The explosion of Wirecard’s share price is probably not coincidentally connected with the era of the now banned binary options. Like the Dutch Payvision, the German Wirecard and its subsidiaries were an important payment transaction service provider (PSP) for this fraudulent industry. The U.S. FBI has estimated the damage to retail investors from binary options providers at up to USD 10 billion per year. While retail investors lost billions with binary options PSP’s earned a fortune.
The German Wirecard is known to have been an important PSP player in the binary options industry predominantly powered by Israeli actors. For its participation as PSP in these fraudulent broker schemes, Wirecard was rewarded with both high payment transaction volumes and high profits between 2015 and 2018.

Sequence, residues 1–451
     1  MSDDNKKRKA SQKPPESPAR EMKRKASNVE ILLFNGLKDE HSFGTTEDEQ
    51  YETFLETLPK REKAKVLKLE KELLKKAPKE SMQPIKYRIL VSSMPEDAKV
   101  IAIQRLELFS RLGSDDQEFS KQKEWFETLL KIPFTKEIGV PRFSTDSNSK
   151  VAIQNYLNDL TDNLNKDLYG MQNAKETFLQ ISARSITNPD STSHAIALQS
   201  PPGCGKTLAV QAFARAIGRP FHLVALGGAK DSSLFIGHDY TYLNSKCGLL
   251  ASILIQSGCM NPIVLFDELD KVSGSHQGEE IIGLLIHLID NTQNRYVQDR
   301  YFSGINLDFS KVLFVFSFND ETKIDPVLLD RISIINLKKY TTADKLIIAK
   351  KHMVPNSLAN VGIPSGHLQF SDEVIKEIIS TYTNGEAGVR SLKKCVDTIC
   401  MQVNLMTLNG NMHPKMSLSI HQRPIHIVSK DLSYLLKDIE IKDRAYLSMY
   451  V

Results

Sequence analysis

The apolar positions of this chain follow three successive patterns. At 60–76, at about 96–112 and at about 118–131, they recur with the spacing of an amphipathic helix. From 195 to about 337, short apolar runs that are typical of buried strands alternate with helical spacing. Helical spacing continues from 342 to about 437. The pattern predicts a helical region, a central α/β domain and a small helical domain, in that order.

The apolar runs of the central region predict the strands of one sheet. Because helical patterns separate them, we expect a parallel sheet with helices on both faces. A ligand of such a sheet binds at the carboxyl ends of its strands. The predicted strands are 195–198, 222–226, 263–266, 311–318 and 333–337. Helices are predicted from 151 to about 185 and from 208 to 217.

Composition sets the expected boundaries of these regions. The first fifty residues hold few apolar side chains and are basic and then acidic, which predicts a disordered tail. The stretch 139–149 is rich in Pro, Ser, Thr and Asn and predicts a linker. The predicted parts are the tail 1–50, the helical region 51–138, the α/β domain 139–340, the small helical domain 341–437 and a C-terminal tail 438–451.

Wirecard‘s bill, however, was paid by cheated retail investors. Binary options have now been banned and trading in CFDs, which is also a popular instrument for scammers, has also been largely restricted in most jurisdictions. In this respect, we can assume that Wirecard will not return to its old growth rates and profits anytime soon. Consequently, the company’s share price and market valuation will most likely not see the old highs again. Let alone the binary options-related lawsuits against participating PSPs.
According to a Financial Time report, Deutsche Bank is the source of a €150m loan to Wirecard’s founder and CEO Markus Braun who had to pledge almost half his Wirecard shares as collateral. The Wirecard shares held by the Austrian Markus Braun give him a 7 percent stake and make him the company’s largest shareholder.
Wirecard’s share price quadrupled from €45 from early 2016 until to more than €191 the end of August 2018 giving the company a market value of €24bn. And it turned Markus Braun into a billionaire. Since Jan 2019, when the Financial Times reported suspicious transactions, Wirecard has lost more than a third of its stock market value. Despite the slump in Wirecard’s shares this year, the